University Students Make Soft-Mesh Robots Controlled by Magnetics
- By Dian Schaffhauser
North Carolina State University researchers have created 3D-printed soft mesh "robots" that can contract, reshape and grab and release small objects (such as a drop of water or a tiny foil ball) while floating on the water surface. Controlled by magnetic fields, the soft structures could be used to replicate creatures living on water, such as water skeeters, or find use in biomedicine as tissue scaffolds for cell cultures. They resemble pliable fragments of artistic chain-link.
In a paper published in Advanced Materials Technologies, the team described how they produced a "toothpaste"-like ink from silicone microbeads, called "homocomposite silicone capillary ink," that could be shaped into mesh-like patterns in a 3D printer and cured with heat. The silicone has iron particles embedded in it, allowing the structures to stretch or collapse with the application of magnetic fields, as demonstrated in a short video.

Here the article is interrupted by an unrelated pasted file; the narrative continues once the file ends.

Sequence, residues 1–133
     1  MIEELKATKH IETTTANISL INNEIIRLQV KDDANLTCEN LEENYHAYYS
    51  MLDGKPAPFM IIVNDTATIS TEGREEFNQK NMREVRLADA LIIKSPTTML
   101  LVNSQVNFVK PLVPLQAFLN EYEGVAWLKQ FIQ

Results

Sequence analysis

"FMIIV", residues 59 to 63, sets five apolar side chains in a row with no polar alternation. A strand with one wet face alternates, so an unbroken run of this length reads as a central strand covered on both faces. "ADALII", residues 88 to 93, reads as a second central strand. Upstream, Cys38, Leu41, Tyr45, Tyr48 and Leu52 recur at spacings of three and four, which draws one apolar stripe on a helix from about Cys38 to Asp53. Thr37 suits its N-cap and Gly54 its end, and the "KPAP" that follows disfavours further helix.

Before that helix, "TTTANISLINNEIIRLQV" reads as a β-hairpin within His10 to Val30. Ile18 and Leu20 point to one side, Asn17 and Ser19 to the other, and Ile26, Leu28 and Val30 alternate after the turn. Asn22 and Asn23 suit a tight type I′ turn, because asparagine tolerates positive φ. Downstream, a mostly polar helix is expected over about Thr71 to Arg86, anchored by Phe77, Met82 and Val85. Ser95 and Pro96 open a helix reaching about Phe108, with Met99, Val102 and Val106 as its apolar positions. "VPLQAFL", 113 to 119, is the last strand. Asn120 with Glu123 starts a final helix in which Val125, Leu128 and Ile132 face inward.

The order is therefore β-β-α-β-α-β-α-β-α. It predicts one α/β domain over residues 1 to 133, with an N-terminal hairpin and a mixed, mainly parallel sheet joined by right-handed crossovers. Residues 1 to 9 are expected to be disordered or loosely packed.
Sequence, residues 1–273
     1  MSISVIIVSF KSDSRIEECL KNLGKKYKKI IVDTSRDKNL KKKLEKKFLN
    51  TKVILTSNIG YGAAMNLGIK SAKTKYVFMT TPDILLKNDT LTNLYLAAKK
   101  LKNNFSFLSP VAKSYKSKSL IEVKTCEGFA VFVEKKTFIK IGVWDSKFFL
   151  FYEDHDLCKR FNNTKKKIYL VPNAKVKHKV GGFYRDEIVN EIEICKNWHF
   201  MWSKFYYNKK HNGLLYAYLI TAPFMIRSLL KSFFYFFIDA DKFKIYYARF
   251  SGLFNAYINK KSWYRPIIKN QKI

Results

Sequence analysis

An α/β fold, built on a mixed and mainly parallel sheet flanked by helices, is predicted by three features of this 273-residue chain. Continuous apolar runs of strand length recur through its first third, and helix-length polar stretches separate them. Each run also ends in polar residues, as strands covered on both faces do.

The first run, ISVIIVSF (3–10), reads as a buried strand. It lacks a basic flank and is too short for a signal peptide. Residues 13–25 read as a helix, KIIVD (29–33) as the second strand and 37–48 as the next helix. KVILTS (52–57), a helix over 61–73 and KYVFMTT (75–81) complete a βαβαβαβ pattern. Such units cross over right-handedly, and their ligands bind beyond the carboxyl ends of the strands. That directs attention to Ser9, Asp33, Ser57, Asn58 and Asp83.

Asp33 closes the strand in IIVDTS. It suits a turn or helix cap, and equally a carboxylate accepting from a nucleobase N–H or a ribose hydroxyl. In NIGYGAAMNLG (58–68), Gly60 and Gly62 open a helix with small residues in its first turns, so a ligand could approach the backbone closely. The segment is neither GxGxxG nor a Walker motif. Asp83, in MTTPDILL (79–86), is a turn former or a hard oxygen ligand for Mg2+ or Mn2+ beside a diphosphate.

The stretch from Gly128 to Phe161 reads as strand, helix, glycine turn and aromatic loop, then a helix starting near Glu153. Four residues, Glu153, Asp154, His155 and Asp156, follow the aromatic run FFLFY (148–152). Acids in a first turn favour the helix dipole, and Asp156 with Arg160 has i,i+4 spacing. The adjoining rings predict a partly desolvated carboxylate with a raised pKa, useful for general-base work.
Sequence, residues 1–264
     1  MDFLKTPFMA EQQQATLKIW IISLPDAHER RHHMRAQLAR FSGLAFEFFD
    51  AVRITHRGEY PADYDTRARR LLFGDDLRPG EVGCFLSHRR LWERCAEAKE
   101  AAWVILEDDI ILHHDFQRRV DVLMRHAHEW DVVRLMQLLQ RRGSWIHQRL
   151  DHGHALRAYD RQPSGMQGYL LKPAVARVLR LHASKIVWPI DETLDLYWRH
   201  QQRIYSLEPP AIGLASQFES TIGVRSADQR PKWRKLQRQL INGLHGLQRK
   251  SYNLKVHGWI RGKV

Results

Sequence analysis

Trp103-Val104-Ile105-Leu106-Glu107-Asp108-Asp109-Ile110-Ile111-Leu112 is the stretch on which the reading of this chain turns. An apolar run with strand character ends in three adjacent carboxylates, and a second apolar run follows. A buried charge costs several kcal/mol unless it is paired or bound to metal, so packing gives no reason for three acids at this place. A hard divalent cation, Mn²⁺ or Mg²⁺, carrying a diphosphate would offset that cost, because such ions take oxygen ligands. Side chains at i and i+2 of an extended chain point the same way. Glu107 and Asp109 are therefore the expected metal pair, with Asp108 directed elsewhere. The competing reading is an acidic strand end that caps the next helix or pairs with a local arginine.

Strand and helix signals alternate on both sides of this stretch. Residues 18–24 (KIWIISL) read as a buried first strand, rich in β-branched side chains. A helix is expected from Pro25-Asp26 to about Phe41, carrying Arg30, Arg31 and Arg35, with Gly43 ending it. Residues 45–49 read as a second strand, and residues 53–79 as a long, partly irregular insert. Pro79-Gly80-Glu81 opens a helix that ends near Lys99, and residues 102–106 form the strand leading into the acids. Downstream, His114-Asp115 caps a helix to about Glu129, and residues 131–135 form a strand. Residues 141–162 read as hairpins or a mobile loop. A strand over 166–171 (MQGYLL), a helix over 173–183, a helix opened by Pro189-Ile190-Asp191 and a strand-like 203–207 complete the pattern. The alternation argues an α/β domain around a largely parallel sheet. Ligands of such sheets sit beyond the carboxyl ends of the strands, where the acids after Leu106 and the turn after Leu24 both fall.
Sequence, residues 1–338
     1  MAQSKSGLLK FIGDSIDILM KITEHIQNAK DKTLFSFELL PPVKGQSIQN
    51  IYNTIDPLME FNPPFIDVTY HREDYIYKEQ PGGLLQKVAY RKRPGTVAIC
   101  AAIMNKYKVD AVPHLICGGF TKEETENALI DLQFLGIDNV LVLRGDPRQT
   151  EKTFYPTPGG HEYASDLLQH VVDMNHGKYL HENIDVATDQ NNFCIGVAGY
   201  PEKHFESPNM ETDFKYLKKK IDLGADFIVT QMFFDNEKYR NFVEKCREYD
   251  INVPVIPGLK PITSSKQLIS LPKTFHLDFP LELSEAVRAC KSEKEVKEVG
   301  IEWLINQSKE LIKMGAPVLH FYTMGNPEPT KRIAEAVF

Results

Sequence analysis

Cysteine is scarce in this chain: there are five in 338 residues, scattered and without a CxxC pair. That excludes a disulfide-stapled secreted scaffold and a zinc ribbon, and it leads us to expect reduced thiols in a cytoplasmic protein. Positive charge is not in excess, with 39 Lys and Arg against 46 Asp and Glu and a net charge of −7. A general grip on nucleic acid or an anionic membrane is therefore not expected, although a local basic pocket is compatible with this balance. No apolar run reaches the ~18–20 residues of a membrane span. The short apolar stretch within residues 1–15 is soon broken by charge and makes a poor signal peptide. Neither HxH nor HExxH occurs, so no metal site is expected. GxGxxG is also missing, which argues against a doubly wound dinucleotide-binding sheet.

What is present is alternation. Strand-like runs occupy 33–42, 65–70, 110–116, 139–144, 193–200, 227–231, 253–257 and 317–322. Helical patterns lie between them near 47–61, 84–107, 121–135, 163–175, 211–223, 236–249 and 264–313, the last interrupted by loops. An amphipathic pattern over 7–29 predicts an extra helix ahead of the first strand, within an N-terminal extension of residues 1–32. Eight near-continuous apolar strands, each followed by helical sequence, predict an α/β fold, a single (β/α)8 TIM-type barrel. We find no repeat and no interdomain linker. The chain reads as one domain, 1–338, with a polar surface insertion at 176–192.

The project, called an "early stage proof-of-concept" in a university article, was funded by grants from the National Science Foundation. It was intended to serve as "training grounds" for students to participate in hands-on research in nanoscale engineering, according to grant applications.
The paper discussing the project is openly available on the Advanced Materials Technologies website.
Dian Schaffhauser is a senior contributing editor for 1105 Media's education publications THE Journal, Campus Technology and Spaces4Learning. She can be reached at firstname.lastname@example.org or on Twitter @schaffhauser.